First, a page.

Annual average growth more accurately reflects longer-term economic trends by comparing how all of the current year relates to the whole year before it. By integrating two full years of data points, the impact of irregular events is minimized, thereby emphasizing the underlying trend. In the case of 2005 and 2006, when the monthly year-over-year change was so volatile, the annual average growth rate of the CPI was remarkably stable at about 2%, versus the swing from 3.2% to 0.7% in the year-over-year measures. ^{5} It is this greater stability of the underlying trend that makes the annual average growth rate of the CPI the better measure for indexing wages and the tax and transfer payment system and the reason why statistical agencies calculate annual growth for most of the major economic indicators. ^{6}

### Relationship between quarterly growth and annual average growth: the concept

It is worth studying a hypothetical example to outline some of the basic principles of how annual average growth rates are determined. Figure 3.2 shows sales in a hypothetical industry rising steadily through year 1, from $100 billion (at annual rates) in the first quarter to $106 billion in the fourth quarter. The quarterly levels throughout year 2 remain unchanged, at $106 billion. This demonstrates the difference between annual average growth and fourth-quarter-over-fourth-quarter growth rates: there is zero growth between the fourth quarter of year 1 and the fourth quarter of year 2, but the annual average level of sales of $106 billion in year 2 is 2.9% above their average level of $103 billion in year 1. This is because the above-average level at the end of year 1 was maintained throughout year 2.

Figure 3.2 was a hypothetical example contrived to demonstrate how developments during a calendar year relate to the annual average for that year. Figure 3.3 shows these features in actual GDP data. Real GDP rose steadily throughout the four quarters of 2007. Output then leveled off in the first three quarters of 2008, before a large drop in the fourth quarter of the year, which left it 0.7% below the level of the fourth-quarter of 2007. Even though there were only two quarters during 2008 that posted a gain (totaling 0.3%), the average level of GDP in 2008 was $1,320 billion, or 0.7% above its average level of $1,311 billion in 2007. This was the result of the relatively high level of output reached late in 2007 being sustained through most of 2008.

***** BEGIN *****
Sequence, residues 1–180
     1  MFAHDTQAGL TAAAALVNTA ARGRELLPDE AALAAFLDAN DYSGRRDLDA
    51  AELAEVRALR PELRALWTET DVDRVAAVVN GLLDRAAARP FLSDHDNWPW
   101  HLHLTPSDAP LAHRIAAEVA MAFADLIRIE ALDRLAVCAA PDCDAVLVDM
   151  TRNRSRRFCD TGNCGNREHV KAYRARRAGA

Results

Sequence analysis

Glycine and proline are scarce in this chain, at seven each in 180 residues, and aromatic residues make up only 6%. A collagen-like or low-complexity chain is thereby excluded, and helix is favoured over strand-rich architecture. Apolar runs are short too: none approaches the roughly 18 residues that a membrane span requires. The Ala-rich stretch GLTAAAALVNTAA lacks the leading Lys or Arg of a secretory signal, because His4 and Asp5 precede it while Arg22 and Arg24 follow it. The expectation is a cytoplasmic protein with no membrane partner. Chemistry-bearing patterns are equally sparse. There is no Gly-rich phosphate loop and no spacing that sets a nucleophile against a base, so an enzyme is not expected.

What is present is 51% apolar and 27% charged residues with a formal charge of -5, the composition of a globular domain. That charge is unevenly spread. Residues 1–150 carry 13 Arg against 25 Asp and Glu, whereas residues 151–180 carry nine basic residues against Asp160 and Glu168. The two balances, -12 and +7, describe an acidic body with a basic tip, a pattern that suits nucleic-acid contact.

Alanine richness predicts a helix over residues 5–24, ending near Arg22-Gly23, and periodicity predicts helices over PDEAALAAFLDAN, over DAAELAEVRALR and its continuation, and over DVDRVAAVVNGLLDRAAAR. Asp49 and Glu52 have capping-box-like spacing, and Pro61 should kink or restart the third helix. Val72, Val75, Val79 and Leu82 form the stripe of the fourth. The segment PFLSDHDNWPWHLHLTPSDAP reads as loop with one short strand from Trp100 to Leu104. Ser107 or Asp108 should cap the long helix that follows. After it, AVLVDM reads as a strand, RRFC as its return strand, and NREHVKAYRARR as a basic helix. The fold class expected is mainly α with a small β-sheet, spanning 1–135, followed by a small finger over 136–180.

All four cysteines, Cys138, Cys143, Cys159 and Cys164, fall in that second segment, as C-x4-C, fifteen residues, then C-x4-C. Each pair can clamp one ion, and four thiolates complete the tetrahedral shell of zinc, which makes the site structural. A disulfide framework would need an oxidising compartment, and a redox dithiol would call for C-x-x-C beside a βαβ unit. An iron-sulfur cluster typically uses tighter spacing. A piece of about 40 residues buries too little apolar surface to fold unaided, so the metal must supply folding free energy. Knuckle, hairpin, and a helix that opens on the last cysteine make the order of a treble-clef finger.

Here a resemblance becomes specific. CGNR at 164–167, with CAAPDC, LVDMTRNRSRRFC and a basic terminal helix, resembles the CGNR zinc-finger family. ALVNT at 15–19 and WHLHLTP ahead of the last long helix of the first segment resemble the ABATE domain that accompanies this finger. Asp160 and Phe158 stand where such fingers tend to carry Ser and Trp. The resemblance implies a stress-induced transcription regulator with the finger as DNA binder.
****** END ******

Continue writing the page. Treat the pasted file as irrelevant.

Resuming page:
Two basic principles are introduced by the examples of annual average growth in Figures 2 and 3. The first, and most important, is that annual growth rates reflect the pattern of growth in both the year being studied (year 2, or 2008 in the examples) and the previous year (year 1, or 2007, in the examples). The second is that while individual quarterly growth rates have an equal impact on the year-over-year change, they do not have an equal impact on the annual average growth rate; there is a hierarchy for which quarters have the most impact on annual average growth.

The hierarchy of the impact of quarterly growth rates on the annual average growth rate is a characteristic of growth rate dynamics. When an increase (or decrease) occurs in a quarter in either year 1 or 2, it raises (or lowers) the level on which all future increases (or decreases) are based. The growth rate of the first quarter of year 1 has no effect on the annual growth rate between years 1 and 2 because it affects the levels in both years equally. A change in the first quarter of year 2 has the largest impact on annual growth, as it raises (or lowers) the level on which all future changes within year 2 are based, while having no effect whatsoever on the level in year 1. Next to the first quarter of year 2, the growth rates of the two quarters adjacent to the first quarter of year 2 have the second-largest impact. The impact of quarters on annual average growth declines as they move away from the first quarter of year 2 until the second quarter of year 1 and the final quarter of year 2, which have the smallest impact. This hierarchy, which takes the shape of a pyramid, is mathematically demonstrated in the next section.

### Relationship between quarterly growth and annual average growth: the math

The annual growth rate of year 2 is calculated as the ratio between the sum of the four most recent quarterly levels and the sum of the previous four quarterly levels. The four quarterly levels of year 1 are Q_{1}, Q_{2}, Q_{3}, and Q_{4}; the four quarterly levels of year 2 are Q_{5}, Q_{6}, Q_{7}, and Q_{8}. The annual average growth rate calculated with levels can be expressed as: